More than six years after the start of the ‘war on terror’, America and its allies are less safe, their enemies stronger and more numerous, and the war’s key geographic battleground, the greater Middle East, dangerously unstable. In Iraq, thousands of American soldiers, and tens of thousands of Iraqi soldiers and civilians, have been killed or wounded while more than 150,000 US troops fight to contain an insurgency and a civil war at a cost of over $300 million per day. In Iran, an Islamic fundamentalist regime remains firmly in power and is defiantly pursuing a nuclear-weapons programme, undermining American efforts in Iraq and subsidising increasingly brazen terrorist groups in the Middle East. The Gaza Strip is now led by one terrorist group, Hamas, while another, Hizbullah, is increasingly influential in Lebanon and increasingly popular on the streets of the Middle East. Syria remains under an anti-American dictatorship allied to Iran, and no real peace process between Israel and any of its neighbours exists.
More broadly, according to repeated public opinion polls, the popularity and credibility of the United States is at an all-time low. Hizbullah leader Sheikh Hassan Nasrallah is far more popular in the Muslim world than President George W. Bush; most Muslims would prefer to see China, Russia or France replace America as the dominant outside power; and majorities even among America’s traditional allies now have a highly unfavourable view of the United States. While the US homeland has not been attacked since 2001, Osama bin Laden remains at large, and there have been far more Islamist terrorist attacks around the world since 2001 than in the six years before the ‘war on terror’ was launched. Far from being ‘on the march’, democracy in the Middle East is in trouble, and where it has advanced, in most cases – including Palestine, Iraq, Egypt and Lebanon – it has produced unintended and often unwanted consequences. For a war that has now been going on longer than the Second World War, the balance sheet is dismal.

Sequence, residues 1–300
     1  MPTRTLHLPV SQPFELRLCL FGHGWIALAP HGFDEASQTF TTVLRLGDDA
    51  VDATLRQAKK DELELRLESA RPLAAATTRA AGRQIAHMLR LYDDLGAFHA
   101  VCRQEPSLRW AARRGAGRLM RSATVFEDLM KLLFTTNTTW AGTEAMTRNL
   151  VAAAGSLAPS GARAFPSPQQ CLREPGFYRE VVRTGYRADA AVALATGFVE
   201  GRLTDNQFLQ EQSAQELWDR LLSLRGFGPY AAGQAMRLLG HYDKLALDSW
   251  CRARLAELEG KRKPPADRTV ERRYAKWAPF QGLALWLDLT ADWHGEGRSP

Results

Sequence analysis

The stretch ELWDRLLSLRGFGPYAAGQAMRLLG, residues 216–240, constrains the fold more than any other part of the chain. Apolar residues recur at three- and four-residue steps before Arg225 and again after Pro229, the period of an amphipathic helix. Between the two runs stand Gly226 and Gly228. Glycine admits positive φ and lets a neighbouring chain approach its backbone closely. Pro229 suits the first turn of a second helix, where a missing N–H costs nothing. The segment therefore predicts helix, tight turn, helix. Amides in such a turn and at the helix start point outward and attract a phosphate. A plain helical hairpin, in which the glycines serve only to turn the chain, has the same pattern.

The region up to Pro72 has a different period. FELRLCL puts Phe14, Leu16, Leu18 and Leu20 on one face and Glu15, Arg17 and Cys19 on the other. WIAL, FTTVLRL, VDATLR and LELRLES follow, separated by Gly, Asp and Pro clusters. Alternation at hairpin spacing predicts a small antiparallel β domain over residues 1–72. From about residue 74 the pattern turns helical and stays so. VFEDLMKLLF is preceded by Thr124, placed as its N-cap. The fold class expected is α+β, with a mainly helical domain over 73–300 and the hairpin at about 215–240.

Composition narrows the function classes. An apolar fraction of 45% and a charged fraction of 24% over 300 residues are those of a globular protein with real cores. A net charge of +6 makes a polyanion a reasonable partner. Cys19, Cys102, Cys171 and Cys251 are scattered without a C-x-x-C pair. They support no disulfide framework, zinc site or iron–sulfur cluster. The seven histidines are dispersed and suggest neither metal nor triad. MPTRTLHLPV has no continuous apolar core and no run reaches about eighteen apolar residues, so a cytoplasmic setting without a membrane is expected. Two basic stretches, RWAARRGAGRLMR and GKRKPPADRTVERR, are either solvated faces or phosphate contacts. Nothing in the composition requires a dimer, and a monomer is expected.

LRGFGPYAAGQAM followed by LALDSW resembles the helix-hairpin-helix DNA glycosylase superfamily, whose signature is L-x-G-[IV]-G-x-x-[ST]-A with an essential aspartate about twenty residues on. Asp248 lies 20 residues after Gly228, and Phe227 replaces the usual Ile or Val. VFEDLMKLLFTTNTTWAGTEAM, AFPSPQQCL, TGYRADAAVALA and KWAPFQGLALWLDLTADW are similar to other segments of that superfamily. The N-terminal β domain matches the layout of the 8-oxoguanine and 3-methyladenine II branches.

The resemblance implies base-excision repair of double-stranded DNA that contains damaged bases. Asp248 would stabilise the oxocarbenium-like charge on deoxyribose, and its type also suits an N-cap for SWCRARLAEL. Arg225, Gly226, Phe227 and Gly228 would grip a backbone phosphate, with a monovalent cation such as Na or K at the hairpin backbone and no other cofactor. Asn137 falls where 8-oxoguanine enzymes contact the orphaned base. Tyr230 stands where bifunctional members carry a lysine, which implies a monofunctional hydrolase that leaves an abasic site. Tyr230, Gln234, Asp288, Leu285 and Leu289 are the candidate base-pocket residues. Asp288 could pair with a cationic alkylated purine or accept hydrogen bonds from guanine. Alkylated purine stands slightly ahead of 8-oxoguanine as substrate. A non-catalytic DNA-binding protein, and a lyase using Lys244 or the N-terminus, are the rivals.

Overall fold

[The U.S. seeks] to portray Iran as a criminal enterprise, not just as another bad country but as a rogue state that is engaged in horrible crimes across the region.... We are moving from a position of accommodation to one of confrontation across multiple fronts.
There’s a very strong tendency in U.S. foreign policy to acknowledge and to congratulate for holding elections, even when those elections take place in a pretty unfair context.